• Steve Block

ESG in the Chemical Industry

Companies are rapidly accelerating the use of Environmental, Social, and Governance (ESG) as a methodology to set sustainability goals and communicate progress to various stakeholders. The pace of adopting a wide range of sustainability-related metrics continues to evolve, which has a particular interest and consequence in the chemical industry supporting investments in safer, non-fossil carbon chemicals. The graphic below, from the recent report in The Economist1 on ESG investing, clearly demonstrates this trend with the exponential increase of companies in the S&P 500 including ESG in their investor reports in the past 3-4 years.

Historically, chemicals have been involved in detrimental impacts on our planet, including acute damage to terrestrial and air resources. Compounds such as polyfluoroalkyl substances (PFAS), benzene, asbestos, polychlorinated biphenyls (PCB), and lead are all known to have long-lasting deleterious effects. The chemical industry is responding, with many leading chemical manufacturers making bold statements and corresponding investments to mitigate the impact of chemicals.

While improvements in ESG-related issues benefit society, it is also important to realize that not all these issues are directly related to the sustainability of chemicals. Stakeholders hear about actions such as diversity, labor relations, and privacy (all critical topics for any organization). However, there may not be meaningful advances in critical environmental factors that companies can address with the transition from fossil-based to biobased carbon. The table below identifies key ESG issues specific to the chemical industry. Targeted investments in biobased chemistry are needed to develop new technologies whose impacts directly affect factors such as reducing greenhouse gas emissions and ensuring chemicals have a safe end-of-life composition through natural biodegradation.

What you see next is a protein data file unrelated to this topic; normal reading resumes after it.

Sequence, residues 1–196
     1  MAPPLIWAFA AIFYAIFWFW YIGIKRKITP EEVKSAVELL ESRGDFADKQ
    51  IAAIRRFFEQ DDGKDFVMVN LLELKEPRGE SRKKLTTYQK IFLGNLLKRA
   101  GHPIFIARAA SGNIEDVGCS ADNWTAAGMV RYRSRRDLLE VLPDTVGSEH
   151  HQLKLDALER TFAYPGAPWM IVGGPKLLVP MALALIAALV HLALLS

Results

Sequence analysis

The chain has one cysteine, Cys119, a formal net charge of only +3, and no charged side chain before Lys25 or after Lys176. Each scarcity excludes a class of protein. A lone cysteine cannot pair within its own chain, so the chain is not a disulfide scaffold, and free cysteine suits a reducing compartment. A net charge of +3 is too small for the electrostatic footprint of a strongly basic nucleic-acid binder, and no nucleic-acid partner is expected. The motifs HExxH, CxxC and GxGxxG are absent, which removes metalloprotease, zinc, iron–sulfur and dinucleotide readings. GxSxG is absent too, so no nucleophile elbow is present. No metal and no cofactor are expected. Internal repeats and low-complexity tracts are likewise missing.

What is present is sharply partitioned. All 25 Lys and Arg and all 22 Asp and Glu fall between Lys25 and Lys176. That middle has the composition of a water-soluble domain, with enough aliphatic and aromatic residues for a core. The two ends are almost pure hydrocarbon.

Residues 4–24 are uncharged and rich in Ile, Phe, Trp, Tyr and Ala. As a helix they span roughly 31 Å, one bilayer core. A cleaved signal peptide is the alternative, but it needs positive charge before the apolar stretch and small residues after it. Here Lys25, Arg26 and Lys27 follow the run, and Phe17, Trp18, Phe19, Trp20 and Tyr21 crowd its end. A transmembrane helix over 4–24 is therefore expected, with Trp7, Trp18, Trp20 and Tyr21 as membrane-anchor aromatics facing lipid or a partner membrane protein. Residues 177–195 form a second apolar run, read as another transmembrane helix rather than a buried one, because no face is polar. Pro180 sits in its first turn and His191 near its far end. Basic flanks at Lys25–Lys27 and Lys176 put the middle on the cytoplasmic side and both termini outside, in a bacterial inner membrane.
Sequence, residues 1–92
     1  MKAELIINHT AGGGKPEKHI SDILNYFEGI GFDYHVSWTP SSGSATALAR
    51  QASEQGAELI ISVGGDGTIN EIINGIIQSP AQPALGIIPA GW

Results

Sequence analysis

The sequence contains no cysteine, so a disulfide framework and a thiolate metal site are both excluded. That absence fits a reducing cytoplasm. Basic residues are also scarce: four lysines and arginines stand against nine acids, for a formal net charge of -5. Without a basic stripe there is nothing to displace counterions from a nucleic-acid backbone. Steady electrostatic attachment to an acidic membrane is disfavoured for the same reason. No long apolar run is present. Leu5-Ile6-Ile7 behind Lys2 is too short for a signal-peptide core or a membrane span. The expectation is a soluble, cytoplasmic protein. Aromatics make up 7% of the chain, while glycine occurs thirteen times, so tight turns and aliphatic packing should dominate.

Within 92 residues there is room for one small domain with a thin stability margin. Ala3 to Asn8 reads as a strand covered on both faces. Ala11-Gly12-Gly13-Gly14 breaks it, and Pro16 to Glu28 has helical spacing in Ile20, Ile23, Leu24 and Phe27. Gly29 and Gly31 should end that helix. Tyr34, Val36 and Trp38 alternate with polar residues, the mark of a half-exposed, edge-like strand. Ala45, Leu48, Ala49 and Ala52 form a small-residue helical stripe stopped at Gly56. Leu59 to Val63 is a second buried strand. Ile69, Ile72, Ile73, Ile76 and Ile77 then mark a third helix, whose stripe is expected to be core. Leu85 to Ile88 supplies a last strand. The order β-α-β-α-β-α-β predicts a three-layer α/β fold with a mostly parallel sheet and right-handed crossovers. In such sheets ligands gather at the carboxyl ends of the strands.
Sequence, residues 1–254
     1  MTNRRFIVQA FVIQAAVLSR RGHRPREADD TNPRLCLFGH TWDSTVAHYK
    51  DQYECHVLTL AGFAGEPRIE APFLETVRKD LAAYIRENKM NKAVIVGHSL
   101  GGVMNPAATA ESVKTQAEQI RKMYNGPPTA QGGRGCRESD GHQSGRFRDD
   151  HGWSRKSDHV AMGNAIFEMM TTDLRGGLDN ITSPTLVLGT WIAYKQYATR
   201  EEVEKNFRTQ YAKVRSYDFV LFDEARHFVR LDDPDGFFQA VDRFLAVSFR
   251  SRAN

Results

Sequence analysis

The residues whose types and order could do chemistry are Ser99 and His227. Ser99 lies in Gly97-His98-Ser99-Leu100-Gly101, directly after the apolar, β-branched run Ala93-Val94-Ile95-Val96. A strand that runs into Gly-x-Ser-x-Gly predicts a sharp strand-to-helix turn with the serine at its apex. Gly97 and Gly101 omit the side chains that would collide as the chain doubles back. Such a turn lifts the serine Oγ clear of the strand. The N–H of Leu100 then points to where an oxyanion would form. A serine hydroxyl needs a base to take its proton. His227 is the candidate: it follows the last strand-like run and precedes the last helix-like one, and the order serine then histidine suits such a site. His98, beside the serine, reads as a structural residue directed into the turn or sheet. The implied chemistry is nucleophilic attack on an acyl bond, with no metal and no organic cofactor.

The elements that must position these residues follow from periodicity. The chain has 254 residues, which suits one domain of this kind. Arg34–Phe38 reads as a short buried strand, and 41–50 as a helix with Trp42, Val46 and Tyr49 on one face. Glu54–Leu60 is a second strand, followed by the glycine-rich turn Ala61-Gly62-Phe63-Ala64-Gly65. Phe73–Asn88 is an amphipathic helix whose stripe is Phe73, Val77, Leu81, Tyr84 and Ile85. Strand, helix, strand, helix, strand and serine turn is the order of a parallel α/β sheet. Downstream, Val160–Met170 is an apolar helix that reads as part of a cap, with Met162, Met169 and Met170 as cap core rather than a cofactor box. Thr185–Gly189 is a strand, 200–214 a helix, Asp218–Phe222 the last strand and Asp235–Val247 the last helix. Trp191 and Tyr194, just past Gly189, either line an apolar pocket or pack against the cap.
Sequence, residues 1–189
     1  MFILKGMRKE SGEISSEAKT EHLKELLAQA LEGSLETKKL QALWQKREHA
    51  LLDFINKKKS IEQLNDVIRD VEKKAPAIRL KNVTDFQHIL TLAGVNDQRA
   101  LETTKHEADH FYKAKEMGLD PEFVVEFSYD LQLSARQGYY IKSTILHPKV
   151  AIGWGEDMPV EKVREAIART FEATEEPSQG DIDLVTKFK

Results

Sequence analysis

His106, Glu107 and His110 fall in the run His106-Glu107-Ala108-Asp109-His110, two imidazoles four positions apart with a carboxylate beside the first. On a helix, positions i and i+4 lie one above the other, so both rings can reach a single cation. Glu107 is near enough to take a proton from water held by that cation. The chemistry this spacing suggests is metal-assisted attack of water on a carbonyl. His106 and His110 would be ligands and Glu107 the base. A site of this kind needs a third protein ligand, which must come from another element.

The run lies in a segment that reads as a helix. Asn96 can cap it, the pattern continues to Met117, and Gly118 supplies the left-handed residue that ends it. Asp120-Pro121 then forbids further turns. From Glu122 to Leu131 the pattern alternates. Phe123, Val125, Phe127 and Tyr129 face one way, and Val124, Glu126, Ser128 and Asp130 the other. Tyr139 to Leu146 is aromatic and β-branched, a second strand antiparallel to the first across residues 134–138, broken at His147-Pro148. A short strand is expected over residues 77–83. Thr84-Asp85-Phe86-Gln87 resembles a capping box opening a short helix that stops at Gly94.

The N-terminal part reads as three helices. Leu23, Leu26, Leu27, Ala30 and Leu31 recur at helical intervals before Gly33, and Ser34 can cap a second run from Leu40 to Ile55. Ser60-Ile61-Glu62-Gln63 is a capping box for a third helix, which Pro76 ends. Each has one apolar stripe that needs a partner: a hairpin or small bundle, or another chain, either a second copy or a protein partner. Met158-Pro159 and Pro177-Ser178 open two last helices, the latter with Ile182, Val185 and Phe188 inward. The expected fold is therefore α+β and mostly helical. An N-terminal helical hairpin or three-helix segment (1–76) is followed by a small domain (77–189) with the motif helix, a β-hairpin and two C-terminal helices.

Aggressive action is urgently needed to mitigate additional damage to our environment resulting from the production and use of chemicals. Our fragile environment is at a tipping point, and it’s incumbent upon the chemical industry to demonstrate leadership and vision toward solving some of the world's biggest problems.


Governments are also stepping in. The White House recently unveiled a strategy to grow the US bioeconomy1. The White House recently announced an Executive Order2 creating a National Biotechnology and Biomanufacturing Initiative to support this rapidly growing industry. The Biden Administration seeks to strengthen supply chains and address public health and climate challenges through this Executive Order. It calls for strategic federal investments in biotechnology, enhanced domestic biomanufacturing, and the formation of a sustainable workforce that can generate safe and secure biobased innovations across the country.

Other countries, including Germany and the United Kingdom, are among the leading nations to develop national technology and commercial roadmaps for their bioeconomy. Not surprisingly, China has also begun to invest into its high growth biotech sector. These countries and others have, for years, witnessed dramatic growth in their local economies. From innovative cell-based medicines to greener fertilizers, the global biotech sector has delivered products that improve lives and protect our environment and will continue to do so for years to come.


1 ESG Investing, The Economist Special Report, July 23, 2022

2Executive Order on Advancing Biotechnology and Biomanufacturing Innovation for a Sustainable, Safe, and Secure American Bioeconomy, September 12, 2022